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Twice Kidnapped, Photographer Returns To War Zone: 'It's What I Do'
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Twice Kidnapped, Photographer Returns To War Zone: 'It's What I Do'

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Twice Kidnapped, Photographer Returns To War Zone: 'It's What I Do'

Twice Kidnapped, Photographer Returns To War Zone: 'It's What I Do'
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  • <iframe src="https://www.npr.org/player/embed/385246118/385519592" width="100%" height="290" frameborder="0" scrolling="no" title="NPR embedded audio player">
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  • An Iraqi woman walks through a plume of smoke rising from a massive fire at a liquid gas factory as she searches for her husband in the vicinity in Basra, Iraq, May 2, 2003.
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    An Iraqi woman walks through a plume of smoke rising from a massive fire at a liquid gas factory as she searches for her husband in the vicinity in Basra, Iraq, May 2, 2003.
    Lynsey Addario/Penguin
  • Abdul Hussein Majid Quing, 16, stands at attention while being trained along with other new recruits for the Sudanese Liberation Army in Bahai, Sudan, on Aug. 25, 2004.
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    Abdul Hussein Majid Quing, 16, stands at attention while being trained along with other new recruits for the Sudanese Liberation Army in Bahai, Sudan, on Aug. 25, 2004.
    Lynsey Addario/Penguin
  • A Sudanese Liberation Army soldier walks through the remains of Hangala village, which was burned by Janjaweed near Farawiya, in August 2004. Thousands of ethnic Africans fled their villages in search of shelter in the mountains or in neighboring Chad because of continuing attacks on civilians.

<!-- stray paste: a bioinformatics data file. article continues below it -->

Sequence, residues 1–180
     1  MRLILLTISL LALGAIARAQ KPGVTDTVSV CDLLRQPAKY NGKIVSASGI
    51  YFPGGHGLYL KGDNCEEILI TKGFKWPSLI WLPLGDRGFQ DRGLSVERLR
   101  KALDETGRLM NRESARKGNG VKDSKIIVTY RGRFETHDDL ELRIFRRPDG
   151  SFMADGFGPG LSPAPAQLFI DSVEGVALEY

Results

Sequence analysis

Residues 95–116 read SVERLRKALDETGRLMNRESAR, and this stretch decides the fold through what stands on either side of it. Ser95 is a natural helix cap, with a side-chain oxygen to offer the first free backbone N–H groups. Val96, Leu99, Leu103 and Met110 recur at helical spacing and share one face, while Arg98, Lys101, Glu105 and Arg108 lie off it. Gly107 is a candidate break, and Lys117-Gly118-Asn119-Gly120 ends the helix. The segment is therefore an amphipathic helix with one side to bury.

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    A Sudanese Liberation Army soldier walks through the remains of Hangala village, which was burned by Janjaweed near Farawiya, in August 2004. Thousands of ethnic Africans fled their villages in search of shelter in the mountains or in neighboring Chad because of continuing attacks on civilians.
    Lynsey Addario/Penguin
  • Khalid, 7, sits outside of the medical tent of a U.S. military base in Korengal Valley, Afghanistan, after elders from a village claimed he was injured by shrapnel from a bomb dropped by the Americans in October 2007.
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    Khalid, 7, sits outside of the medical tent of a U.S. military base in Korengal Valley, Afghanistan, after elders from a village claimed he was injured by shrapnel from a bomb dropped by the Americans in October 2007.
    Lynsey Addario/Penguin
  • In 2010, Baghdad moviegoers get an extra thrill from shaking seats and wind machines during a 3-D sci-fi film at Baghdad's first 4-D cinema. During the worst years of violence, families stayed home to attach TV or DVDs. Most cinemas closed, as did this one.
    Hide caption
    In 2010, Baghdad moviegoers get an extra thrill from shaking seats and wind machines during a 3-D sci-fi film at Baghdad's first 4-D cinema. During the worst years of violence, families stayed home to attach TV or DVDs. Most cinemas closed, as did this one.
    Lynsey Addario/Penguin
  • A soldier with the opposition weeps outside of the hospital in Ras Lanuf in Eastern Libya in March 2011 as soldiers are being brought in wounded and dead from the front line during heavy fighting.
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    A soldier with the opposition weeps outside of the hospital in Ras Lanuf in Eastern Libya in March 2011 as soldiers are being brought in wounded and dead from the front line during heavy fighting.
    Lynsey Addario/Penguin
  • Dalal, 21, a Syrian refugee from the Damascus suburbs stands in front of the cave she and her family have been staying in since crossing into Baalbak, Lebanon. Jan. 22, 2013.